Hijacked Car Carrier's Crew Treated "As Well As Can Be Expected"
The crew of the hijacked car carrier Galaxy Leader are being allowed to have a limited amount of contact with their families, and the information that they've passed on suggests that they are being reasonably well-treated by the Houthi rebels who captured the ship, according to the shipowner.
In a statement, owner Galaxy Maritime Ltd. called on the crew's nations of origin to redouble their efforts to free the seafarers. "The 25 crew members being held have no connection whatsoever with the current situation in the region," Galaxy Maritime said Monday. "Nothing can be achieved by their further detention."
17 members of the Galaxy Leader's crew are Filipino, and the remaining eight are Bulgarian, Romanian, Ukrainian and Mexican citizens. The government of the Philippines says that it is putting a high priority on securing the release of its nationals aboard Galaxy Leader. Philippine President Ferdinand Marcos Jr. canceled a planned trip to Dubai for the COP28 climate summit in order to focus on negotiations for the seafarers' release, and said that Manila was dispatching a delegation to Tehran. (Iran is the Houthi movement's foreign sponsor.)
Galaxy Leader was hijacked by heavily-armed militants and a Houthi-operated helicopter on November 19. The orchestrated, carefully-filmed boarding appeared to catch the car carrier's crew by surprise. The ship was diverted to Hodeidah, then relocated to Al Salif, both controlled by Houthi separatists.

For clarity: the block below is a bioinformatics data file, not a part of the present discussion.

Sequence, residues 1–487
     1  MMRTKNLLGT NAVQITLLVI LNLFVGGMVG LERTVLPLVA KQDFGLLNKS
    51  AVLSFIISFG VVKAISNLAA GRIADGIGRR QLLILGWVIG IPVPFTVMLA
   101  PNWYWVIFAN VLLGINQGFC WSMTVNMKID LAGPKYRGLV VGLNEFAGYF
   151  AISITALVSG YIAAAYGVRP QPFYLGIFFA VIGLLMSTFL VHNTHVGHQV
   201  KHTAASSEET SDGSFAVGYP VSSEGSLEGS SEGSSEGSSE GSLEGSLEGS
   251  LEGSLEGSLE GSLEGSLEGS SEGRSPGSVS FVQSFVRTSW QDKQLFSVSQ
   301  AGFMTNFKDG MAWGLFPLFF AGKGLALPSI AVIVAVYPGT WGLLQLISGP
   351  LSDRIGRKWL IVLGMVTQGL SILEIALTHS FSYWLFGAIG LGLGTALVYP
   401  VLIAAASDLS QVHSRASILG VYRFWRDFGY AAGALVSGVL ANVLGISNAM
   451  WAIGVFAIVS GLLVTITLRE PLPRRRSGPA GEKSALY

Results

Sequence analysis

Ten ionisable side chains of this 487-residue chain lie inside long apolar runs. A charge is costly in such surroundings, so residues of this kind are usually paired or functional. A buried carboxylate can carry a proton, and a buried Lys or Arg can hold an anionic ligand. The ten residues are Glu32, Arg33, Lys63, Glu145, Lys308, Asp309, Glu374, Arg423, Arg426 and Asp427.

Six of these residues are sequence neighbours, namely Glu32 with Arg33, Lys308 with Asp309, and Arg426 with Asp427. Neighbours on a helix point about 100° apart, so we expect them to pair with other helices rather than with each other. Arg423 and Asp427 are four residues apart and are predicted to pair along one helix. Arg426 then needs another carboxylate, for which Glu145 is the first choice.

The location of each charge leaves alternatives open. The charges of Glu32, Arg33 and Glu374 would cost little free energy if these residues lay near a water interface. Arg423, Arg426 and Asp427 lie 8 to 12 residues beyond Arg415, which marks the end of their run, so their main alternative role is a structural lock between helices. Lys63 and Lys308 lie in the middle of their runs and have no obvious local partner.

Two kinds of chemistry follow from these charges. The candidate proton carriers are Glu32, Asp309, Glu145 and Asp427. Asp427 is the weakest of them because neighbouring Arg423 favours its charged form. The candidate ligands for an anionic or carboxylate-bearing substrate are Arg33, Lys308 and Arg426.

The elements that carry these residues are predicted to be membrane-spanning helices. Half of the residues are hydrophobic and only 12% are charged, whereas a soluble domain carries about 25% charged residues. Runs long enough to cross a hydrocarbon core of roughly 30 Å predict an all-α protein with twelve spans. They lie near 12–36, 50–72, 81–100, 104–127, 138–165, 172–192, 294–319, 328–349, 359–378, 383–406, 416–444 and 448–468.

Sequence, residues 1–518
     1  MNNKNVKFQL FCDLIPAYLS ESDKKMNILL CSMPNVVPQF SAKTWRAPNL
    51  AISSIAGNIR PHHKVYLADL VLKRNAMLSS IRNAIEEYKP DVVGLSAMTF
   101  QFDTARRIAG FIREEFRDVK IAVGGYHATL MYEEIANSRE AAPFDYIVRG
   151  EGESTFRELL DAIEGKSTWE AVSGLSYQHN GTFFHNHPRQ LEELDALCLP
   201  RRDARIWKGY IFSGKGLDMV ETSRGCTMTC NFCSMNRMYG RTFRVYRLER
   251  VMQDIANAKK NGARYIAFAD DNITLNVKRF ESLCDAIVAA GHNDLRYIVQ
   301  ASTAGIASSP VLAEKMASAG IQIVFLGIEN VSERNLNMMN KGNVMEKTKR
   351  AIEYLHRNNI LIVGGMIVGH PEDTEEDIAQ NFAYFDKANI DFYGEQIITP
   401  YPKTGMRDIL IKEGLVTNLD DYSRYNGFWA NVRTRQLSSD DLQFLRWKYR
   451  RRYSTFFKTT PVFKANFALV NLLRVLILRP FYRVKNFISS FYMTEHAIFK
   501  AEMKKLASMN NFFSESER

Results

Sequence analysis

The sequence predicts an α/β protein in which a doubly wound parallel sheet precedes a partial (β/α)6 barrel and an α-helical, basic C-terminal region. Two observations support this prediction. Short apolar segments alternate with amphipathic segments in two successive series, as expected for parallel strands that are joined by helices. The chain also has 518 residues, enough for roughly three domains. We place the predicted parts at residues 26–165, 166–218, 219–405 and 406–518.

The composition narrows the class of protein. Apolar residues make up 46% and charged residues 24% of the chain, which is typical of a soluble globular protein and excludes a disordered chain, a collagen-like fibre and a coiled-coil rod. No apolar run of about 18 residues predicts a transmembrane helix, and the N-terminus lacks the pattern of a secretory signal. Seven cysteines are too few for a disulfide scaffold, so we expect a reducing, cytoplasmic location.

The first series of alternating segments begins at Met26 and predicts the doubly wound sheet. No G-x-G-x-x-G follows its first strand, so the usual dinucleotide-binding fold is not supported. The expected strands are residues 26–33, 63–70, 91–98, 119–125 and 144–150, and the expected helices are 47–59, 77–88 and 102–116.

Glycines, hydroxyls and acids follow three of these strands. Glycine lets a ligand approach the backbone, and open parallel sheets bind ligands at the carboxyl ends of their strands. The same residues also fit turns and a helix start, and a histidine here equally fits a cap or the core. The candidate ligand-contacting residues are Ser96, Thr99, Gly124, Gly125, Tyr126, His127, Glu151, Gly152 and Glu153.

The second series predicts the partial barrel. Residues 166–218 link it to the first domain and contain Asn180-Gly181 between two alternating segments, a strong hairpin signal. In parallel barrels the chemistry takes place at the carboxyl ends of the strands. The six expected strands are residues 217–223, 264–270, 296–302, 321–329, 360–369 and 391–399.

On arrival, a top Houthi commander boarded the ship and told the crew that they would be treated as "guests." In a recorded encounter, he invited them to ask for anything that they might need.
Since the ship anchored off Al Salif, it has become something of a tourist attraction for the Houthi population at large. Multiple videos posted to social media show Yemeni nationals dancing, playing music, sharing a narcotic herb with crewmembers, and taking photos of themselves on board. One recent image appears to depict a college graduation ceremony on the top deck.
The Galaxy Leader is operated by Isle of Man-based Ray Car Carriers, a firm with ownership ties to an Israeli shipping magnate. There are no Israeli nationals aboard, according to the Israeli government. Houthi leaders have promised to target Israel-linked shipping in retaliation for the ongoing Israeli military operation in Gaza, and have launched multiple attacks on merchant vessels in the Red Sea over the past two weeks.
According to Politico, some U.S. officials are concerned that the White House is treating these attacks with less than the degree of concern that they deserve. The crews of the destroyers USS Carney and USS Thomas Hudner have shot down nearby drones multiple times, fearing the possibility of an attack.
Over the weekend, Houthi forces targeted three more ships, Unity Explorer, AOM Sophie II and the Number 9, according to U.S. Central Command. USS Carney shot down three UAVs while assisting Unity Explorer.
The Biden administration has hedged on whether U.S. Navy warships were targeted by any of these attacks. However, Pentagon officials told Politico that it is clear that U.S. warships are "under threat" like never before in the Red Sea. “You’d be hard-pressed to find another time” when the threat level was higher, one official said.
Officials have also made clear that the disruption is not just a regional Houthi phenomenon. U.S. Central Command assesses that "these attacks, while launched by the Houthis in Yemen, are fully enabled by Iran."